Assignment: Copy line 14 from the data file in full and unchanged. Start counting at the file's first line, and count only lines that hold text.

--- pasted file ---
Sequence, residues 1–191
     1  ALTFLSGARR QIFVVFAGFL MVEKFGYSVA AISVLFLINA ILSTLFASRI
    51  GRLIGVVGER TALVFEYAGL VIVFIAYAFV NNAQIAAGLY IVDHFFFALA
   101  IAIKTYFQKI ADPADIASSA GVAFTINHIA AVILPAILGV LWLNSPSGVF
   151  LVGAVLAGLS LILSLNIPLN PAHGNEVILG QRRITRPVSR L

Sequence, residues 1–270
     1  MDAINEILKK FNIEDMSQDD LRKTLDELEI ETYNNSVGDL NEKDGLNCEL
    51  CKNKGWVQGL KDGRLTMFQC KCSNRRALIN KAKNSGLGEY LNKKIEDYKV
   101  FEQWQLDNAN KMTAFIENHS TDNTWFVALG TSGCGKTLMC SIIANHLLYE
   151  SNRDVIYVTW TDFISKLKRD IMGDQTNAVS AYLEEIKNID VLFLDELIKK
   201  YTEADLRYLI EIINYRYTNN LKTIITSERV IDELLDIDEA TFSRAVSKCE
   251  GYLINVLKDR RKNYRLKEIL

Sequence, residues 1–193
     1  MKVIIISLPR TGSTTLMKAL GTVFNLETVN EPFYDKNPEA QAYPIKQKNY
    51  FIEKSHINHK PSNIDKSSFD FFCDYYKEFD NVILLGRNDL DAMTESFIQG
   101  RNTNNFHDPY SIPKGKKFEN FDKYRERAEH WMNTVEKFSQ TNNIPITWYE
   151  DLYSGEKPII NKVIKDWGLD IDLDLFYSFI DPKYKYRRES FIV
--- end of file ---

     1  MKVIIISLPR TGSTTLMKAL GTVFNLETVN EPFYDKNPEA QAYPIKQKNY